There were a lot of things that were difficult. Working with these students was challenging first because I had only worked with college students before. We had to make connections with each other. And it wasn’t exactly a teaching situation, which is what I was used to. In this situation I was hanging out with the poetry club, which was an after school activity. Since it was after school, it had to be fun but also had to be an opportunity for the students to do and learn something different. It was challenging but in the end very rewarding because of the relationships formed and the work that I saw them do with developing their own voices. The students participate a lot in poetry slams and they are so into it, and so great. They love performing. They love performing their work out loud. We wanted to bridge the gap between the spoken word and written word.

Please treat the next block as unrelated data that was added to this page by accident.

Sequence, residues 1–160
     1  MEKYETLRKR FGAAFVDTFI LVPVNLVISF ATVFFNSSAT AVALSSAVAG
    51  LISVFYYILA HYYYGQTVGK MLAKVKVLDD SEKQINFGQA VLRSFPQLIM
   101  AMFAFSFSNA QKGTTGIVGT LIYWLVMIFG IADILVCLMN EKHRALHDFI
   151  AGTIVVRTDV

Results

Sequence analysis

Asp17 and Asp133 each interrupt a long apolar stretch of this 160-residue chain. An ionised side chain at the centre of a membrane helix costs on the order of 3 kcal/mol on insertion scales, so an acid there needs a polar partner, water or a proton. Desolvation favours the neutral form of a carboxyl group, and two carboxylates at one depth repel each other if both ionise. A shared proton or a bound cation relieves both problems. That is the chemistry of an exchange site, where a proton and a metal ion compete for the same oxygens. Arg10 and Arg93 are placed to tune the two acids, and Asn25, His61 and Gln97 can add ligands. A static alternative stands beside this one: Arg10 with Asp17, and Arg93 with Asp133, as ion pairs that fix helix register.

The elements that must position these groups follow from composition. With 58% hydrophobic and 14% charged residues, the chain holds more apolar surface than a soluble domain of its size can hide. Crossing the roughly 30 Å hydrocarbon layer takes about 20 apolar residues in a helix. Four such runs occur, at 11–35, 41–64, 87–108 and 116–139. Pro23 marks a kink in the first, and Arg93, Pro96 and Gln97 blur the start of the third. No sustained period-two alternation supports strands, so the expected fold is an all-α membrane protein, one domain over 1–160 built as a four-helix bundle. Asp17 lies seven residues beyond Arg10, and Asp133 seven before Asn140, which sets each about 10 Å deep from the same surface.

826DC cultivates close ties to local schools and the community. What are some ways anyone interested can get involved?

They really depend on volunteers for everything—whether it is volunteers that come in after school hours, or volunteers who run workshops and come in to be support staff. They are super involved and it’s a great thing. I actually have two former students who have worked with 826. The other thing about 826 is that they’re all really fun to go in. Each one has a storefront and they all have a different theme. Ours is the Museum of Unnatural History. Everything they sell is kind of quirky, something an unprofessional anthropologist might buy. It’s like Indiana Jones’ store. There’s lots of fun things for kids to touch. Like, you can buy these little glass vials of this sparkling substance, called unicorn tears. A lot of work is put into inventing these products and they rely on these people and the volunteers to develop and to sell those products that fund the program. One of my former students built a cave in the store. Students that end up volunteering get a lot out of it, inventing products, working the store, tutoring, doing workshops. Lots of cool options.